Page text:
CHRIS STAPLETON

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I can’t recall this much commentary and expectancy surrounding an album release, much less from a technically ‘debut’ solo artist! There must be a million words printed across entertainment related publications and blogs recently re Traveller, and it would be superfluous of me to attempt to do more than whet your curiosity, because all you need to know about Chris Stapleton is in the listening. If you don’t like what your ears report, then turn the page, because a committed constituency have voted him the saviour of ‘real’ country music, and the Stapleton disciples are loud and proud!

The album, Traveller, is in every way a departure from a typical major-label Nashville production. Working with his own small band, J.T. Cure on bass, Derek Mixon on drums, and wife Morgane Stapleton on backup vocals, augmented by Waylon Jennings’ steel player (Robby Turner) and Willie Nelson’s harmonica man (Mickey Raphael), Stapleton goes for a lean, raw sound that underscores the blunt skeletal honesty of his songs.

On the surface, with his Jamey Johnson beard, Johnny Paycheck hatband and snakeskin guitar strap (a buddy killed a rattler and made it for him special he kidded to Billboard), he cuts an imposing figure, while his window-shaking voice, with all its angst, volume and growls, could scare off intruders. Yet it takes no time in conversation with him to know that the gruff, lumberjack-look image belies a softly spoken, even reticent sensitivity, and an astute and sure-footed intellect.

That polarity extends all the way into the 37 year old Kentucky native’s career. While Traveller is full of the kind of traditional, organic country for which purists yearn, he’s also written some of pop country’s most radio-friendly hits: Thomas Rhett’s ‘Crash and Burn,’ Darius Rucker’s ‘Come Back Song,’ Kenny Chesney’s ‘Never Wanted Nothing More’ and Luke Bryan’s ‘Drink a Beer,’ among approximately 170 song cuts you may know by heart, sung by stars from George Strait to Adele. Patty Loveless’ cover of ‘Higher Than the Wall,’ a bold waltz written with Mike Henderson, was Stapleton’s first bull’s-eye as a composer. He called it “validation.”

Contrary to narratives that suggest someone like him cannot avoid being ground to bits by the thousand cuts of the pop-crossover imperative, he has thrived as a writer without touching a drum machine or a rap lyric., and has been penning songs in Nashville for more than a decade. His style, a gravelly stew of southern rock, bleeding-heart soul and hurt, hung-over country, has barely changed during this period.

Confirming the durable legacy in his writing, Chris said, “… this album has songs that go right back to my first year in Nashville. They may not have relevance in my current life but they sure did then, because I used to write out of joy – and I think this record is a return to that. The joy of creation, the joy of music and the joy of being alive and doing things that you think you should be doing, just to be doin’ ‘em.”

He wrote or co-wrote all but two of the album’s 14 tracks, like the excellent title song-

I’m just a traveller on this earth / Sure as my heart’s behind the pocket of my shirt / I just keep rolling ‘til I’m in the dirt/ ‘Cause I’m a traveller, oh, I’m a traveller”

There’s Texas dance hall sweetness on ‘More of You,’ a duet with the pitch-perfect harmonizer (and his wife) Morgane , The singer-guitarist cranks it up for the rocking urgency of ‘Parachute,’ and the twangy chip-kicking of ‘Nobody to Blame’ but most of the time Stapleton is not afraid to let the songs unfold at their own unhurried pace. There’s a nod to Johnny Cash on ‘Daddy Doesn’t Pray Anymore,’ echoes of Hank Jnr on ‘Might As Well Get Stoned’ and the rough and tough ‘Outlaw State of Mind.’ The two outside songs are bona fide classics: the oft-recorded ‘Tennessee Whiskey’ and Charlie Daniels’ ‘Was It 26,’ written by Don Sampson.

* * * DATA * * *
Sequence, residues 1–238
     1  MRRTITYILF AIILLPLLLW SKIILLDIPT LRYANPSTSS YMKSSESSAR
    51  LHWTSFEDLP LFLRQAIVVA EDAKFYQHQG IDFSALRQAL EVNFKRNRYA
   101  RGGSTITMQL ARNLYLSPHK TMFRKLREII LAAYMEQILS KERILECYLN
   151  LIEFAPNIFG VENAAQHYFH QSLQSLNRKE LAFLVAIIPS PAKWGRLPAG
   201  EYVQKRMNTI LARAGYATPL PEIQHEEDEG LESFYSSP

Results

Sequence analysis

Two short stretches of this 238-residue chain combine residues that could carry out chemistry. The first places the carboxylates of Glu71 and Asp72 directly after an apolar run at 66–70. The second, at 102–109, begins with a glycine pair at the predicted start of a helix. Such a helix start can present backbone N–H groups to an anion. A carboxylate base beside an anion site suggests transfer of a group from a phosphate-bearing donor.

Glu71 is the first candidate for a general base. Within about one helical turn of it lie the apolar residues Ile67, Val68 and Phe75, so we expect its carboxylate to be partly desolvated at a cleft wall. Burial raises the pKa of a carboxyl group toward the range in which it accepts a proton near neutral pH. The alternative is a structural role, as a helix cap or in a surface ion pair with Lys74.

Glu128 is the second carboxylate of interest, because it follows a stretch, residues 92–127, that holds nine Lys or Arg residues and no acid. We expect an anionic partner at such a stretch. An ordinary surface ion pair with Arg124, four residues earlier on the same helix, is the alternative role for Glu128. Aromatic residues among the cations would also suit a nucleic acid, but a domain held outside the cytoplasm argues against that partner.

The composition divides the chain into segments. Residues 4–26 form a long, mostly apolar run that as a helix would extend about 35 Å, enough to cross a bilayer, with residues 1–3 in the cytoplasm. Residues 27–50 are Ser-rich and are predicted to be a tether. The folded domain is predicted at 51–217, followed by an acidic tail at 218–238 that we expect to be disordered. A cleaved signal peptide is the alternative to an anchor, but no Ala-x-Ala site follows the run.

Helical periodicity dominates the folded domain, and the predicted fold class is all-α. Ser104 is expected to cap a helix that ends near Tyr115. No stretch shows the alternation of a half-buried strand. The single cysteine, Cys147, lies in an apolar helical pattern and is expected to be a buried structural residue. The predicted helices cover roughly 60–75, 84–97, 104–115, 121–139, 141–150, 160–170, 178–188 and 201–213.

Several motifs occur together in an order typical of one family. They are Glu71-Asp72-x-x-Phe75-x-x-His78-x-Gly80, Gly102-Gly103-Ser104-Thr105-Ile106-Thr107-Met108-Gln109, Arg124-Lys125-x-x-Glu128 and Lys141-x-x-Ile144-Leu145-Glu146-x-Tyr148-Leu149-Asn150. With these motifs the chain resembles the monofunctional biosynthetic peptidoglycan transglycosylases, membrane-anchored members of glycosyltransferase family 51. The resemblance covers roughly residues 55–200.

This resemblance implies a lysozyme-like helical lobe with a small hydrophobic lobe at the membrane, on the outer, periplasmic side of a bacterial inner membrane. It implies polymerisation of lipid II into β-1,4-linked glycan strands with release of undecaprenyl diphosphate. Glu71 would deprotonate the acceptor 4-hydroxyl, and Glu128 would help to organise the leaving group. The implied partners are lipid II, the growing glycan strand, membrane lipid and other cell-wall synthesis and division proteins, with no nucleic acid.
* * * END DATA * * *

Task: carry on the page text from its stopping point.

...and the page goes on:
Produced by hot-streak man Dave Cobb (Sturgill Simpson, Jason Isbell, Jamey Johnson), Traveller might well have more in common with the soulful Tulsa sound of the 1970s than the shimmer of 21st century Nashville, and Chris shrugs off any attempt to refute the comparison, saying “If somebody tells me it sounds dated, I say that’s great, as long as the date is 1978.”

Throughout Traveller, Stapleton presents himself as a true Southern character, a family man who can’t help but cling to his vices and a seeker whose sometimes old-fashioned dreams of home don’t prevent him from wanting to free-range in the world. Has Stapleton lived all of these stories of hard luck and wild times? For the sake of his liver and his kids’ college funds, you hope not. But in the imaginary space where country clichés become the gospel truth, he’s utterly convincing.

“When I first got to town, the second guy I ever wrote with was Jerry Salley, who I wrote ‘Outlaw State of Mind’ with. He said, ‘Man, country music is not for kids.’ And I don’t think it is,” says Stapleton. “I wanted to make a pretty grown-up record, meant for grown-ups to sit around and listen to.”

“I’m playing electric guitar, mandolin, acoustic guitar. I’m singing on it, singing harmony with myself in some places on it. It could not be more me,” he says of making an album with only his touring band and producer Dave Cobb. “It’s really easy to go out there – and I’m not knocking anyone – and hire guys to do all these things for you. But for me, this is a true representation of what you can come and see live, and hopefully connect with.”

… continued in Country Update Issue 77 – out now.